Both whiskies are sold only through the Mount Vernon gift shops, and go on sale about a month or two after the production runs. When they do, fans and collectors line up outside starting at 6AM (or earlier) and the entire batch sells out immediately. Last time it took 3 hours, but that was exaggerated by a failure of the credit card reader – it should have sold faster. The stuff is not cheap: 375ml bottles, half the normal size, of the un-aged fetch $95 and the aged is $180. You can buy it no place else (except maybe on Craig’s List or at auction) and only in person, twice a year.
I say the distillery runs only twice in a “normal year” because this is not a normal year. When I visited Mount Vernon last week, I had the rare pleasure of being part of history. Since Washington’s start as a distiller was directly the result of Scottish influence, and this is the 100th birthday of the Scotch Whisky Association, DISCUS planned a joint international effort of brotherhood. The head distillers of three renowned Scottish distilleries, Glenmorangie, Laphroaig, and Cardhu (most of the single malt that goes into Johnnie Walker blended Scotch) visited and brought with them pure Scottish peated malt, the only grain allowed to be used under Scottish law. Together with Pickerell, they created the first ever single malt whiskey at George Washington’s distillery, done in the traditional legal manner of Scotland. Because the distillery is not in Scotland, it can’t be called Scotch, but it is a Scotch-style single malt and a unique one-time effort. The visiting distillers were both mystified by and impressed with the facility, unlike any that remains in existence on the other side of the pond. They even brought barrels with them, since unlike bourbon, Scotch is aged in repurposed barrels form other wines or spirits. The entire results of the several day distillation run, about 100 bottles worth, was put into barrels to age for the Scottish legal minimum of three years – I helped fill one. In 2015, the bottles will be distributed to 100 charities around the globe and each will be auctioned for fundraising.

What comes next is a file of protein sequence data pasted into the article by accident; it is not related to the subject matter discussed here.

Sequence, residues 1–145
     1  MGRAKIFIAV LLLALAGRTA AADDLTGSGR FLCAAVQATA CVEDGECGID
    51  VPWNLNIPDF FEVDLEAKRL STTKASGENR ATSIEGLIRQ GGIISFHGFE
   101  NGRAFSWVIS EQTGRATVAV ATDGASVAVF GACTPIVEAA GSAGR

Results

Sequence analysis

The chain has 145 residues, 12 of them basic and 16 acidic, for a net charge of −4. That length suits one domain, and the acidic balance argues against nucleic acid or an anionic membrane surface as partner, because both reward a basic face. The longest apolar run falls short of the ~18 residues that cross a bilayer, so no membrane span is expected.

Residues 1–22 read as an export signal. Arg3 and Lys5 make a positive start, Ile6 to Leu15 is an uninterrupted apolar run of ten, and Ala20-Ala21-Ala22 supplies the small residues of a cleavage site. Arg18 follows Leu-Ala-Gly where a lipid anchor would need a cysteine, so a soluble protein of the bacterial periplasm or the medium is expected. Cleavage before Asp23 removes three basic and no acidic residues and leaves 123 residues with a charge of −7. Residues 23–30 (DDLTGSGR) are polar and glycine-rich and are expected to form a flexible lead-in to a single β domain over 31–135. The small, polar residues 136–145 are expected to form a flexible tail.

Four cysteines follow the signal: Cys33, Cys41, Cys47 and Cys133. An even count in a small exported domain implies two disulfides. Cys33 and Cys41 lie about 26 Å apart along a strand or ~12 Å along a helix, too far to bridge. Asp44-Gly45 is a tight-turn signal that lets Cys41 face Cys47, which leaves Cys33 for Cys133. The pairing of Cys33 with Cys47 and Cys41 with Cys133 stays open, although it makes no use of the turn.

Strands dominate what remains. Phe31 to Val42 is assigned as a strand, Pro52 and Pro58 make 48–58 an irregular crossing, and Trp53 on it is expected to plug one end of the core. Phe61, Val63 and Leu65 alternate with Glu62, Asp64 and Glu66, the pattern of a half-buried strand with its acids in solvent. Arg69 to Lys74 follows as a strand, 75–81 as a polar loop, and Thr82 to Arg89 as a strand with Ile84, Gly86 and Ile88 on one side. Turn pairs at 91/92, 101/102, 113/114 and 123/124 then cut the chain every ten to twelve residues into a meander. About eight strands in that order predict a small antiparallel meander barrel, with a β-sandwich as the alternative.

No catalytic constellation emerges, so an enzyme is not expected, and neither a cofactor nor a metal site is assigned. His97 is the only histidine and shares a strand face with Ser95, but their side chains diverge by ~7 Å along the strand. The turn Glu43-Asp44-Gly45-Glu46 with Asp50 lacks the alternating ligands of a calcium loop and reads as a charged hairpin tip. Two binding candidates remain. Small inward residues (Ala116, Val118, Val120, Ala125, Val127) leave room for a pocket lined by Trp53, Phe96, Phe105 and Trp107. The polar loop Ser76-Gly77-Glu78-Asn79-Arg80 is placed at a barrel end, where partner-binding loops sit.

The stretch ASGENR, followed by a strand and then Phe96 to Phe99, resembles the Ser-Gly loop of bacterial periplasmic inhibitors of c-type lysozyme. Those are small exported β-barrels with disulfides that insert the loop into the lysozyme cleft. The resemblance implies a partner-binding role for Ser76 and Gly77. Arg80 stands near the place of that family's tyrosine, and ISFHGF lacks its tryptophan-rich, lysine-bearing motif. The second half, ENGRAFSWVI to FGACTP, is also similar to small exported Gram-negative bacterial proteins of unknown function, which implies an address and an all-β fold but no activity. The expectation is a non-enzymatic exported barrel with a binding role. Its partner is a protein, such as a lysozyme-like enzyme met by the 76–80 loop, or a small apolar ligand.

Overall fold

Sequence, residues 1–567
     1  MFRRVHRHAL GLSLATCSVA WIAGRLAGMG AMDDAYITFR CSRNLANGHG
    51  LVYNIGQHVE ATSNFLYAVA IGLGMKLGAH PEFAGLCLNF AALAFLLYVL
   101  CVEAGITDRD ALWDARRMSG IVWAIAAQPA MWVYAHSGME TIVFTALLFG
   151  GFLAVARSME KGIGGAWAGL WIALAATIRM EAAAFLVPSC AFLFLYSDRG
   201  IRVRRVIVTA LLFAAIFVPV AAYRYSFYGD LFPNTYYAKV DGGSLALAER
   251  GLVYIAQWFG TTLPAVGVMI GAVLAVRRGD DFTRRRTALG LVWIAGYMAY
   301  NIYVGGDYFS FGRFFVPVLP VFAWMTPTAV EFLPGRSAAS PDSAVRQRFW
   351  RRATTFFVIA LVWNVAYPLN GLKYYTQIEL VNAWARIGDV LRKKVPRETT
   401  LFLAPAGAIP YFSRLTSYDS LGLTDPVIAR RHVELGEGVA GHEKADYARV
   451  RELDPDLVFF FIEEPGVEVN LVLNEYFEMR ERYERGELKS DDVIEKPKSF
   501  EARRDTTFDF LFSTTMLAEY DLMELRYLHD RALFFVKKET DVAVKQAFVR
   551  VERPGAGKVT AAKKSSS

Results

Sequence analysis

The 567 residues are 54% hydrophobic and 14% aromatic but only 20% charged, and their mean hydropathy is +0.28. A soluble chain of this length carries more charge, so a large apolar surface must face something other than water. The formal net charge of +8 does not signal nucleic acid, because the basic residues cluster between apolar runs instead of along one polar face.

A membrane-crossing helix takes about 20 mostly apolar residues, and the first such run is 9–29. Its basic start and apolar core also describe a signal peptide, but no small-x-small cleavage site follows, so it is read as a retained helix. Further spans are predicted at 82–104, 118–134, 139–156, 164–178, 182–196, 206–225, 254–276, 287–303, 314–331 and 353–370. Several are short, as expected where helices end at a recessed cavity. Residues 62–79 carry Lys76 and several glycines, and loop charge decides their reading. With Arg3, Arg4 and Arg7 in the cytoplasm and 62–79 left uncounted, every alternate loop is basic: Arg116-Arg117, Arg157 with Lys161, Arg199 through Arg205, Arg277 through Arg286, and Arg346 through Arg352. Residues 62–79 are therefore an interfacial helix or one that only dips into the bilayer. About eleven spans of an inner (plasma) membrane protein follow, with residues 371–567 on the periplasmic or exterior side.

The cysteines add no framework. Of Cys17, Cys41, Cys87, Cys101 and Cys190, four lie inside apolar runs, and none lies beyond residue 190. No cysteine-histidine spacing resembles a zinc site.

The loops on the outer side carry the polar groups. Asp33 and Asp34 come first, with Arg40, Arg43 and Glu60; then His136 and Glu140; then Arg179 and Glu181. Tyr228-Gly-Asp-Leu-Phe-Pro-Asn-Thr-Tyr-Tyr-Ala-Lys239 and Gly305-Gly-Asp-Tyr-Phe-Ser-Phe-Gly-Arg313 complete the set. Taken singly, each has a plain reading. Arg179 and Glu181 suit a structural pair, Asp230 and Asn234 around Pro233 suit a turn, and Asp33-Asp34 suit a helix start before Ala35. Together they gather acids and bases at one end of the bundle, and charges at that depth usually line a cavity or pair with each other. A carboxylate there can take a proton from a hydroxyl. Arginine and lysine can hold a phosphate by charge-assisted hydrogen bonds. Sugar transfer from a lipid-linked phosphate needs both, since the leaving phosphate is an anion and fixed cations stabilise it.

I tasted the new malt spirit straight from the still at about 165 proof, and despite being much stronger than anything you would ever normally drink – or be able to buy – and having no age or wood, the underlying Scotch-like flavor came through clearly, and the distillers themselves were surprised how well it came out. With about as small a production run as any whiskey will ever see, in three years these 100 bottles are sure to become instant and coveted collectibles. Until then, you can line up to buy Washington’s whiskey in Virginia, or simply visit the distillery to see what it is all about, while drinking more Scotch, Rye or Bourbon at home, any of which would make old George proud.
Or you could travel the American Whiskey Trail, which includes the Mount Vernon facility and a mix of cultural and historic sites associated with whiskies as well as working distilleries, from New York City to the Caribbean.
As I have mentioned in recent stories, spirits are all the rage in the US right now. Maybe it’s a “Mad Men effect,” but spirit consumption in this nation is approaching its peak in the 1960s for the first time in half a century (mainly at the expense of beer). There is a craft distilling revolution afoot, and it was not that long ago when the high-end bourbons we now take for granted like Knob Creek and Woodford Reserve did not exist. I remember when Jack Daniels made just two labels, before the relatively recent introduction of JD Single Barrel and Gentleman Jack. I have visited distilleries in Breckenridge, Colorado and Park City, Utah of all places, and recently sampled exceptional new Ryes, a red hot category, bottled in Kentucky and Vermont. George Washington’s tiny distillery fits this theme perfectly and should, since he started the whole thing.
Plus, there was that whole thing about him winning the Revolutionary War. So cheers to our First President.
“George Washington wrote, ‘No estate in United America is more pleasantly situated than this…’ He worked tirelessly for nearly half a century to expand his plantation to 8,000 acres and to improve the appearance of the Mansion, out-buildings, and extensive gardens and grounds. Washington’s guiding band can be seen all over Mount Vernon until 1858, when the estate and 200 acres were purchased by the Mount Vernon, from the ornamental landscape to his final resting place. The Washington family continued to live at Mount Vernon until 1858, when the estate and 200 acres were purchased by the Mount Vernon Ladies’ Association. Since that date, the private, not-for-profit organization has maintained and operated Mount Vernon for the Benefit of admirers of George Washington the world over.” – mountvernon.org